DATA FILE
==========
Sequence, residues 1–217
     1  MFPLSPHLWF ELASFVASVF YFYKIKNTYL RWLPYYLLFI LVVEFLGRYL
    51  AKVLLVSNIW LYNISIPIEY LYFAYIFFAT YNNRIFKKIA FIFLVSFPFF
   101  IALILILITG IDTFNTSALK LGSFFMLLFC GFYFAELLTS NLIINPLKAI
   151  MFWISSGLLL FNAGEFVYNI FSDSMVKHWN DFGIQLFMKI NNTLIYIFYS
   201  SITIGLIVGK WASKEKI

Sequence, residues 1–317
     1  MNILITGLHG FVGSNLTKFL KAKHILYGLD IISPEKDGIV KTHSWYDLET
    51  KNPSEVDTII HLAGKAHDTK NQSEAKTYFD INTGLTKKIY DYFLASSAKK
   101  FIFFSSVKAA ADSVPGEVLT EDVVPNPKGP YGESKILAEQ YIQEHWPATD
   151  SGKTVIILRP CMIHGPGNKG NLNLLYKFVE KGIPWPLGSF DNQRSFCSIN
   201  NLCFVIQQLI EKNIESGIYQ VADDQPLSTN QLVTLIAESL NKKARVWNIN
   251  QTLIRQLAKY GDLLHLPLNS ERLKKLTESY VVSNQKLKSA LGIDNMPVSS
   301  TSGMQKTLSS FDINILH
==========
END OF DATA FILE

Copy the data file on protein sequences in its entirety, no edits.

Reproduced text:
Sequence, residues 1–217
     1  MFPLSPHLWF ELASFVASVF YFYKIKNTYL RWLPYYLLFI LVVEFLGRYL
    51  AKVLLVSNIW LYNISIPIEY LYFAYIFFAT YNNRIFKKIA FIFLVSFPFF
   101  IALILILITG IDTFNTSALK LGSFFMLLFC GFYFAELLTS NLIINPLKAI
   151  MFWISSGLLL FNAGEFVYNI FSDSMVKHWN DFGIQLFMKI NNTLIYIFYS
   201  SITIGLIVGK WASKEKI

Sequence, residues 1–317
     1  MNILITGLHG FVGSNLTKFL KAKHILYGLD IISPEKDGIV KTHSWYDLET
    51  KNPSEVDTII HLAGKAHDTK NQSEAKTYFD INTGLTKKIY DYFLASSAKK
   101  FIFFSSVKAA ADSVPGEVLT EDVVPNPKGP YGESKILAEQ YIQEHWPATD
   151  SGKTVIILRP CMIHGPGNKG NLNLLYKFVE KGIPWPLGSF DNQRSFCSIN
   201  NLCFVIQQLI EKNIESGIYQ VADDQPLSTN QLVTLIAESL NKKARVWNIN
   251  QTLIRQLAKY GDLLHLPLNS ERLKKLTESY VVSNQKLKSA LGIDNMPVSS
   301  TSGMQKTLSS FDINILH